If you have metal items at your house, especially metal outdoor furniture, keeping it in good condition is a chore. Metal tends to rust and corrode even if you keep it free from rain. The moisture in the air alone is enough to tarnish metal over time. Most people will paint their outdoor furniture to keep this from happening. If you just need a quick solution, paint will work. Paint takes time to dry, it fades over time, and it can chip. It can be difficult to get paint to adhere to certain metals, especially glossy metals such as stainless steel. Fortunately, there is an option that many people have chosen: powder coating.
What Is Powder Coating?
Paint is made up of three basic components: a binder, a filler, and a solvent. The solvent keeps the color and the binder in a liquid suspension. The solvent has to dry and the binder has to cure to make the paint adhere. Powder coating is different. It’s a dry powder of the binder and the color. It’s applied using a pressurized spray. It’s then cured with heat. The powder liquefies and forms a hard shell on the surface of the metal. It binds to the metal faster and more strongly than liquid paint. It also maintains its bright color for much longer.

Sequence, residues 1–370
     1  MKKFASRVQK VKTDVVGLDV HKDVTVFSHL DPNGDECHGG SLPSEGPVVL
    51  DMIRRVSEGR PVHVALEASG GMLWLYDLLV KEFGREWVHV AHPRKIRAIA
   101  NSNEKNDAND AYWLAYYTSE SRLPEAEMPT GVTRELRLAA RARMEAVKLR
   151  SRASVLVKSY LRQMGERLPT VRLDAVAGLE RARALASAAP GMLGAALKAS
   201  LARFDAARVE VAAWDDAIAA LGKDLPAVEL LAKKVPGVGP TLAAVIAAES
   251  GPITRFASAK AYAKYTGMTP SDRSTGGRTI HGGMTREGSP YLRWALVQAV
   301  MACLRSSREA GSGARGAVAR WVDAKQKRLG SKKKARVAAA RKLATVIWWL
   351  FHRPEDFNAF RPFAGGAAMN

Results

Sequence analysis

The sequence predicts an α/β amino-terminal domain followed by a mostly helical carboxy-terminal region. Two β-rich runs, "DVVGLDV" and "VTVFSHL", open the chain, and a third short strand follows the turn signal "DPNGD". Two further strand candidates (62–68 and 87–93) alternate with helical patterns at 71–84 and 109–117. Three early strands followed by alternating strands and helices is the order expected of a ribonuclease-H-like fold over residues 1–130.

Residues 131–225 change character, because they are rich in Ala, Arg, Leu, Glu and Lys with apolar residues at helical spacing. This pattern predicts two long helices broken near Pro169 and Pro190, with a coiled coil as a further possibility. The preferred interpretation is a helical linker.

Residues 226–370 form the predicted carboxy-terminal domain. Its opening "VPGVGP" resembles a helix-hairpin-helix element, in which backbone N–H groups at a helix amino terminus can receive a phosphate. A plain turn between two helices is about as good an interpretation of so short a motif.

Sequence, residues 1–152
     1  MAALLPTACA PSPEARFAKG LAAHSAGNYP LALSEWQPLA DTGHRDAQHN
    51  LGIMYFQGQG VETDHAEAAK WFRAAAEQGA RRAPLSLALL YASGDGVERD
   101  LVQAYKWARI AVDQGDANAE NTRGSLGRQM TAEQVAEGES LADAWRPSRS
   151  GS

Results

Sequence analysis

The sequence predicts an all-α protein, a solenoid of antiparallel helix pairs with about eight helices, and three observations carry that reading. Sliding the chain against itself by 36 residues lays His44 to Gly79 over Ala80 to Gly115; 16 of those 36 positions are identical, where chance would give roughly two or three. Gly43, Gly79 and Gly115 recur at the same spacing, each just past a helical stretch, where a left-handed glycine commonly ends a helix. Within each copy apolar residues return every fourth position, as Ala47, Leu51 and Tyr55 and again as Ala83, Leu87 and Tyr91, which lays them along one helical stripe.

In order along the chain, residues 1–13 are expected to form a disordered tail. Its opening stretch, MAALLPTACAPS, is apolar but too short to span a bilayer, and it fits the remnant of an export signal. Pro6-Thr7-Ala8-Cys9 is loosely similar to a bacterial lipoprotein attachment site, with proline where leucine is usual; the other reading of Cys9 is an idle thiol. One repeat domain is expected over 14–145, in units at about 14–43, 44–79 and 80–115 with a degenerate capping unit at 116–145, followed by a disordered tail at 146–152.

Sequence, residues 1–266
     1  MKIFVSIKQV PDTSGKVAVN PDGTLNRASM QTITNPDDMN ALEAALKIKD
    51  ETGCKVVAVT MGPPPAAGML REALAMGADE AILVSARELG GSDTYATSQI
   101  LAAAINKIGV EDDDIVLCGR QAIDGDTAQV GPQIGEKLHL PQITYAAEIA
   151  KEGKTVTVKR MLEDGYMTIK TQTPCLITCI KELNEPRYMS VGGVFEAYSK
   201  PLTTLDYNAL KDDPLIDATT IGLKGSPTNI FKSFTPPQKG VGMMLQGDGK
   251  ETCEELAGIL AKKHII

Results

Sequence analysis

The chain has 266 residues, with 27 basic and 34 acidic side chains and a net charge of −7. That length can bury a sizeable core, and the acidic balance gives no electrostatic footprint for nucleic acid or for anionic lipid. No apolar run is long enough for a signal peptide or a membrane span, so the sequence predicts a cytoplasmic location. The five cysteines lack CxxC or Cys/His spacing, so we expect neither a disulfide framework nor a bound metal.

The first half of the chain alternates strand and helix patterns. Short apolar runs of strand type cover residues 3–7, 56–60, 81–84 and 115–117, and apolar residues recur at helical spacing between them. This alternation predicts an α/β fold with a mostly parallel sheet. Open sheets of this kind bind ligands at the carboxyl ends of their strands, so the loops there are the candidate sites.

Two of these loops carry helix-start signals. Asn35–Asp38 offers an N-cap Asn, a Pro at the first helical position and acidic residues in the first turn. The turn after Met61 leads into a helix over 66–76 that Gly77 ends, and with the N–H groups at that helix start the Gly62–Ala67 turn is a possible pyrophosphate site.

Powder coating does not nick or scratch as easily as paint does. So, should you consider it?
Should You Consider It?
Powder coating is the wave of the future for outdoor furniture because it provides you with durable, vibrant colors. It protects the metal as well. The biggest caveat is that you can’t simply open a can of powder coat and apply it. Many people call a professional to powder coat their furniture. If you want to do it yourself, there are DIY powder coating options. Typically, you will apply the powder coat much like a paint sprayer. You need an air compressor, a nozzle and hose attachment, and the powder itself. You then spray it onto your furniture using even sweeping motions. You can simply sweep up the overspray since it is a loose powder.
You then need to cure the powder with heat. This can be done with a heat gun or a dedicated oven if the pieces are small enough. Because it requires a little more work, DIY powder coating is not as popular as calling a professional.